Woke, as a political term of African-American origin, refers to a perceived awareness of issues concerning social justice and racial justice. I, for one, can’t see what avocados have to do with it? But as a Health Professional Woman of Colour, it was hard for me to ignore the distasteful use of a word which comes with such power.
Daniels’ usage of the word ‘woke’ is completely disrespectful and incorrect. It’s as if ‘the most popular word on urbandictionary.com’ had been Googled, then used with complete disregard for its meaning, history and racial origins. This is just one of the many instances in the article where Daniels has reported selectively to suit her agenda.
The Daily Mail’s promotion of a highly educated ‘expert’ dripping in white privilege - who obviously has such contempt for the word ‘woke’ - is yet another example of casual racism. It’s further disappointing for the health sector, a field where only a limited amount of people who look like me are working. It saddens me that in 2020 I still find myself having to call out casual racism.
With Black women 'five times more likely to die in childbirth, does this really surprise you that words related to race are being used incorrectly by mainstream media, let alone reduced to describe a ‘trendy’ diet?
Although the story was housed in the health section, it's hard to not think that this is deeply-rooted in race.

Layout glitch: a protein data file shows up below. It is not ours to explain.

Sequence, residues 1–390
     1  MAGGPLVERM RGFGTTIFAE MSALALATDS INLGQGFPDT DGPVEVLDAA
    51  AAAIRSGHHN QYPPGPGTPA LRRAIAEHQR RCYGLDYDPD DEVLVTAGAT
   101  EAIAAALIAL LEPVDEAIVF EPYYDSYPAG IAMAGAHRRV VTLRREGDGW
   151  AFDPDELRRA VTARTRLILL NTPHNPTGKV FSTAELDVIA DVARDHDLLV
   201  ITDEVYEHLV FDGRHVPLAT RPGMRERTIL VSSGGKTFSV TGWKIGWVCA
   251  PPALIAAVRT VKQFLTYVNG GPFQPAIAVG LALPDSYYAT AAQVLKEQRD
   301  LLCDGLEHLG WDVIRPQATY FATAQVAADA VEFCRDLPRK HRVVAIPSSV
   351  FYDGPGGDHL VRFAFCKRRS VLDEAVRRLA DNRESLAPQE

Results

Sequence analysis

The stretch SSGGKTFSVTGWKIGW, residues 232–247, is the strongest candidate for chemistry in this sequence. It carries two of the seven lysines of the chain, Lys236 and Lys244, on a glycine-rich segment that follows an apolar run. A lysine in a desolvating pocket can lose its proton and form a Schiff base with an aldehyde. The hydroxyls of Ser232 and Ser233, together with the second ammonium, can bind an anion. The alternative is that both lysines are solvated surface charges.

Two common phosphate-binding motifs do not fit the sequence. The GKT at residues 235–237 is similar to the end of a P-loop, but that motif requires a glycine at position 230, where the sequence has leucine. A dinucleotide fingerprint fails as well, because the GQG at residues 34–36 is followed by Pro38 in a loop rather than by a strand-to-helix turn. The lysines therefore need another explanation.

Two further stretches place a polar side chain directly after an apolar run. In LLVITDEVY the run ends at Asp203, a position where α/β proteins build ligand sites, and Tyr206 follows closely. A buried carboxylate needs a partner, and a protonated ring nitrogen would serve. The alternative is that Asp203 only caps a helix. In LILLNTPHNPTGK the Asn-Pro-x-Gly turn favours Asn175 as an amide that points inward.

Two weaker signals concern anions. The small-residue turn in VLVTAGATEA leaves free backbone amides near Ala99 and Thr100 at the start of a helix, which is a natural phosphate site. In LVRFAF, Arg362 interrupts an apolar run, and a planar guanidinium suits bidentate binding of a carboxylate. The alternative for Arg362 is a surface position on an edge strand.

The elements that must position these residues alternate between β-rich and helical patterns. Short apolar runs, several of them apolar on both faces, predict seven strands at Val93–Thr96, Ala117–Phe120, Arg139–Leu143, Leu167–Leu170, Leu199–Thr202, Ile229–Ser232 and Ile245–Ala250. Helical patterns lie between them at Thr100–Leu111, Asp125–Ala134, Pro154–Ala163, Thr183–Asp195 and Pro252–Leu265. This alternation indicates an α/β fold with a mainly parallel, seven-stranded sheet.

The dismissive approach in coverage involving Black People is not new, just disappointing. Just last week the BBC used footage of the highly recognisable NBA star LeBron James in its coverage of his late teammate Kobe Bryant.
The Daily Mail has a long history of racist overtones hidden beneath sensationalist headlines, happily publishing degrading commentary on Harry and Megan's relationship. One of the many pieces include a story by Rachel Johnson in the Mail on Sunday that said the match meant “the Windsors will thicken their watery, thin blue blood and Spencer pale skin and ginger hair with some rich and exotic DNA”.
While every instance of The Daily Mail’s racism is disappointing, it isn’t at all surprising.
Does veganism cause IBS?
Daniels seems to think so:
“I believe this kind of trendy eating is behind a surge in cases of irritable bowel syndrome (IBS) that I, and my colleagues, have been seeing”